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How to Increase the Energy Produced by Solar Photovoltaic Systems

Updated on May 18, 2016

Solar photovoltaic panels have experienced a decrease in cost over the past decade, which has allowed the technology to gain a larger market share globally. Some governments have already created incentives such as tax breaks for homeowners who install a solar PV system.

Now it is possible to install residential PV systems for around $4,000 per kilowatt, and after deducting rebates and tax benefits this can drop below $3000/kW. In utility-scale solar farms, installed prices as low as $1,300 per kilowatt are being achieved, which is comparable to wind power.

If you plan to install a solar photovoltaic system, there are many factors you must consider in order to maximize the energy savings provided by your investment:

Consider the Available Space

It is possible to install roughly 160 watts of solar capacity per square meter of available space. You can get a general idea of the capacity you can install in your home by multiplying the available area by 160.

If you are limited in terms of space, consider using mono-crystalline solar modules, which may allow you to install as much as 200 watts of capacity per square meter.

Consider your Geographic Location

Solar irradiation varies according to location. If you install 2 kilowatts of solar capacity, it doesn't mean you will obtain 2 kilowatts all day long. That only happens when the solar panel is receiving maximum solar irradiation head-on, typically at noon.

For this reason, the same solar PV system will be more productive if you're located near the tropics than if you're located far to the north or to the south.

The NASA Atmospheric Science Data Center has a very interesting site where you can input your coordinates and browse through a series of meteorological tables, including the available solar irradiation when you install solar modules. This is the link:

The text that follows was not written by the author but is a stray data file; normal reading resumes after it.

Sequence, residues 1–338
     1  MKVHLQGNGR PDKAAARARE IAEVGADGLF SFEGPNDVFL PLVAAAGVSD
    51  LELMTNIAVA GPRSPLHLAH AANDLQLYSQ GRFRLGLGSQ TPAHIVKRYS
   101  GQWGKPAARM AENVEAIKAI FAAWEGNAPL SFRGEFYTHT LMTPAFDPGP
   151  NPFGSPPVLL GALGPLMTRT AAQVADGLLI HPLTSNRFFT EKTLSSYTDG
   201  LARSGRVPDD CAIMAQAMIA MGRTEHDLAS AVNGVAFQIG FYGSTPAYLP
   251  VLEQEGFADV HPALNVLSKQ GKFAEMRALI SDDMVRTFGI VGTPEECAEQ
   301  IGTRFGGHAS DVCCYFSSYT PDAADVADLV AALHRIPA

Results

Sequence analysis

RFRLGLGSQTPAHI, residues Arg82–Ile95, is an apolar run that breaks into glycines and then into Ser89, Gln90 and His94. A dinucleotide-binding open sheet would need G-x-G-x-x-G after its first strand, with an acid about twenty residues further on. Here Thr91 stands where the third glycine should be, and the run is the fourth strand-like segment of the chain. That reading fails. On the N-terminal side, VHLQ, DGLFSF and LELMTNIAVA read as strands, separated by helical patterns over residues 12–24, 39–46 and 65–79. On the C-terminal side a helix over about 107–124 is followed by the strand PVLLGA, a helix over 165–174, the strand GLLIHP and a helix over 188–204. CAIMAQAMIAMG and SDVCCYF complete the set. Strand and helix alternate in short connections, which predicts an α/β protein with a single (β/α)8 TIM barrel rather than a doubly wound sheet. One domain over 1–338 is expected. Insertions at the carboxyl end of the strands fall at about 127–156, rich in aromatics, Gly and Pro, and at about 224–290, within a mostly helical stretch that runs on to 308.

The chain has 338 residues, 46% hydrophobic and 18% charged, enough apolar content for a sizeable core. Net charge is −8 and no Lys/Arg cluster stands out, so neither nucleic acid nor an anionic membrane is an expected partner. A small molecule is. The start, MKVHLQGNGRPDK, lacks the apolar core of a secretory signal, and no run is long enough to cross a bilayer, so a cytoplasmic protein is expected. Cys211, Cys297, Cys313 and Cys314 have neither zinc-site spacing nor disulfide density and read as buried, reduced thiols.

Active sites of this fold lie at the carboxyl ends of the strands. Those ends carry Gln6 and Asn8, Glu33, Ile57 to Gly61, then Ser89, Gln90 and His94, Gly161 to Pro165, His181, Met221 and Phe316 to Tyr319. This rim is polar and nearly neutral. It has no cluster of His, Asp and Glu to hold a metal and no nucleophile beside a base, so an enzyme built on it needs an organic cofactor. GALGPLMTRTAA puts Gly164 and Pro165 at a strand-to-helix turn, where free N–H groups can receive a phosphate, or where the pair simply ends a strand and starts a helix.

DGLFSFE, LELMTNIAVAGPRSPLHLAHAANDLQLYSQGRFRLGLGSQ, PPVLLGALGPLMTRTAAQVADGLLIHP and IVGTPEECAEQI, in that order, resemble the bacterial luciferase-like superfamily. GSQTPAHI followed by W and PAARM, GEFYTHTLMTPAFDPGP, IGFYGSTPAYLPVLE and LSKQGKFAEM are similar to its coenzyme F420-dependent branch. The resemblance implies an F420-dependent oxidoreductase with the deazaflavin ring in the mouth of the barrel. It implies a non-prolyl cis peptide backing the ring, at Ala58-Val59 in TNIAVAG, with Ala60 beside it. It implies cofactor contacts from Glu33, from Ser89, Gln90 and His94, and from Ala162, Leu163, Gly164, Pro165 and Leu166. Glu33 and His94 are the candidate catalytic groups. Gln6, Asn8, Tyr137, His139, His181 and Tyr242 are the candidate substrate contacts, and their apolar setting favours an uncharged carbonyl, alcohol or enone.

Consider Optimal Tilt Angle

The daily path of the sun in the sky changes according to season and geographic location. You can hire a qualified professional to calculate the optimal tilt angle and orientation that will maximize your solar output all year long. Alternatively, you can invest in a solar tracking system that automatically points the solar panels towards the sun all day long and obtain an increased energy output for the same installed capacity.

Solar panels will normally be oriented facing upward if you live near the equator. As you move to the north or south, the optimal tilt angle increases. At locations far to the north or south, where the sun is very low in the sky, solar PV panels will be installed almost vertically!

The NASA website linked above also allows you to determine the optimal tilt angle for a solar PV array, depending on your geographic location.

Consider the Surroundings

The shadows of natural or artificial objects can greatly reduce the energy output of solar panels. For example, it might not make much sense to purchase a PV system if you live in a big city surrounded by skyscrapers. That is, unless you live in a penthouse above one of them! Natural objects such as mountains and trees can also block a portion of the daily sunlight available in your location.

Keep Solar Modules Clean

Dirt can accumulate on the surface of solar PV modules, and when it happens the power output is gradually reduced. Businesses can take care of this by assigning the task of cleaning the PV system to qualified maintenance personnel, and owners of residential PV systems can normally hire cleaning services from the contractor that installed the system.


In short, a PV system provides maximum performance when:

  • Installed in a sunny location with the proper orientation or, better yet, when equipped with solar tracking technology.
  • There are no obstacles that can cast shadows over the PV array.
  • The surface of the solar modules is kept clean.


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